Castlegar is the second largest community in the West Kootenay region of British Columbia, Canada. Take a look below for 25 interesting and fun facts about Castlegar, British Columbia, Canada.
1. Castlegar is located within the Selkirk Mountains at the confluence of the Kootenay and Columbia Rivers.
2. Castlegar is a regional trade and transportation centre, with a local economy fuelled by forestry, mining and tourism.
3. Castlegar was recently cited as one of the Top 8 Places in British Columbia for most promising growth.
4. It is home to Selkirk College, a regional airport, a pulp mill, and several sawmills.
5. The population of 7,259 people includes many Doukhobors, who were largely responsible for much of Castlegar’s early development and growth.
6. The area which was to become Castlegar was an important centre for the Sinixt (Lakes) Peoples. Outside the city limits are the small surrounding communities of Ootischenia, Brilliant, Robson, Robson West, Raspberry, Tarrys, Thrums, Glade, Shoreacres, Fairview, Genelle, Pass Creek and Krestova.
7. There are also the much smaller communities of Deer Park, Renata, and Syringa on Lower Arrow Lake.
8. Taken together, these outlying areas comprise an approximate population of a further 8,000 people.
9. On 5 September 1811, David Thompson arrived at the location where Castlegar now sits, where he camped near the mouth of the Kootenay River.
10. A plaque dedicated to David Thompson can be found on the east bank of the Columbia River overlooking the present day site of Castlegar.
11. The first settlement in the area was West Waterloo, now known as South Castlegar.
12. There was widespread provincial interest in gold prospecting in the late 19th century, and by 1895 there were forty houses in Waterloo.
13. The town boomed until the end of the century when interest in the local mines declined.
14. Castlegar takes its name from Castlegar, County Galway in Ireland, the ancestral home of townsite founder Edward Mahon.
15. The city was planned in 1897.
16. Around 1902, the Canadian Pacific Railway (CPR) built the bridge at Castlegar and laid the wide gauge railway tracks to Trail.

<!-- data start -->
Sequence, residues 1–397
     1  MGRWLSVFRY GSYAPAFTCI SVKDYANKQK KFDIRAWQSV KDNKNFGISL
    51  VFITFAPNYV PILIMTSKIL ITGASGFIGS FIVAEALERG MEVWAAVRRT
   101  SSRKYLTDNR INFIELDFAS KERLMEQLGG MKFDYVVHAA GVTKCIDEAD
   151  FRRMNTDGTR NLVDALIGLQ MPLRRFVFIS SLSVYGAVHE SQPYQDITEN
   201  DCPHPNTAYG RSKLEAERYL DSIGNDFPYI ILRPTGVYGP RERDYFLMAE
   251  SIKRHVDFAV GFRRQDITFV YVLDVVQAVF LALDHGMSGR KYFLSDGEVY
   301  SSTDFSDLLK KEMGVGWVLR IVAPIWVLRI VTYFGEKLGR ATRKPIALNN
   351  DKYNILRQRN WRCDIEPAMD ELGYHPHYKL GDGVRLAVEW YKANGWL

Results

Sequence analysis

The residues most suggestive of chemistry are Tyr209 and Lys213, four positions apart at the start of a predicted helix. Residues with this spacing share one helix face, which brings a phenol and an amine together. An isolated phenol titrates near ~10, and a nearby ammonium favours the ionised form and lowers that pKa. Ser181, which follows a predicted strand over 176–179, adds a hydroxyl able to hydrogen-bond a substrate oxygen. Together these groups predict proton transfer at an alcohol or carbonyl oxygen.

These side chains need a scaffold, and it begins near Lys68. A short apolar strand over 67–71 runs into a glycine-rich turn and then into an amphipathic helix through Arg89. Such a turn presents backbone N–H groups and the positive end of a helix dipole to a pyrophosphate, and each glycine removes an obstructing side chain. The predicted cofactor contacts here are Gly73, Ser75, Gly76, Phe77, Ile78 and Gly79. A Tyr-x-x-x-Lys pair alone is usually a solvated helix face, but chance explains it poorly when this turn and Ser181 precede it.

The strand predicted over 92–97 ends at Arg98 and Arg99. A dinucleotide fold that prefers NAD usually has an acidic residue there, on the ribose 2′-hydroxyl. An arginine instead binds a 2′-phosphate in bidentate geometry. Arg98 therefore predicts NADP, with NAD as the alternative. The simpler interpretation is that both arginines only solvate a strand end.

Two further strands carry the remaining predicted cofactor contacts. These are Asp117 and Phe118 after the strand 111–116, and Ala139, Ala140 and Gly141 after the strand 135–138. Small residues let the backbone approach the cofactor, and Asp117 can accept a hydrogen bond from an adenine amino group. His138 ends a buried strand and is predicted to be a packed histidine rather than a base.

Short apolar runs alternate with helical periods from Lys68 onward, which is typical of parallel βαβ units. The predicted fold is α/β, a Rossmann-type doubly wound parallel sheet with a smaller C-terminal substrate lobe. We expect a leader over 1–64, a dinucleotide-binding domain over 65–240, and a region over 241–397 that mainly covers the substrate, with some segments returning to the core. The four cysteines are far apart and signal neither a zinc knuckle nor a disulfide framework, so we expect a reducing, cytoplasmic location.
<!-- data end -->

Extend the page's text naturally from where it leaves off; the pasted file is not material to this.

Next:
17. There was little in Castlegar until after the completion of the CPR bridge.
18. A Mr. Farmer built the first store in town, housing both the post office and the town hall.
19. William Gage built the Castlegar Hotel in 1908, standing until 1982 when it was destroyed by fire.
20. On 30 October 1946, Castlegar was incorporated into a village, then in 1966 into a town. It amalgamated with the neighbouring town of Kinnaird into a city on 1 January 1974, effectively doubling the population. On 20 May 2004, the City’s boundary was extended to include the Blueberry Creek Irrigation District.
21. The Doukhobors put a ferry into operation near Brilliant on the Kootenay River in 1910 and the Christian Community of Universal Brotherhood (CCUB) made an application to the CPR for a railway station and siding to this point. Brilliant was the centre of the CCUB commercial enterprises. Located on the site was the Brilliant Jam Factory, a grain elevator, and a flax seed mill.
22. The West Kootenay Regional Airport is owned and operated by the City of Castlegar. The Airport has regular service to both Vancouver International Airport and Calgary International Airport. Nearby airports include Trail Airport, which is 40 km (25 mi) to the south.
23. There are dozens of great walking trails are located in and near Castlegar.
24. The Columbia River cuts through Castlegar, and to the west along the river are Scotties Marina and Syringa Provincial Park, with boating and camping amenities.
25. Castlegar is the location of the West Kootenay Regional Airport (YCG), the main local airport in the region with flights to both Vancouver and Calgary. It is also the junction of highways 3A, 3, and 22. Highway 22 runs the length of the city, known as Columbia Avenue. At the North End, Columbia enters the Robson Bridge, carrying traffic to the rural suburb of Robson, which is accessed via Broadwater Road.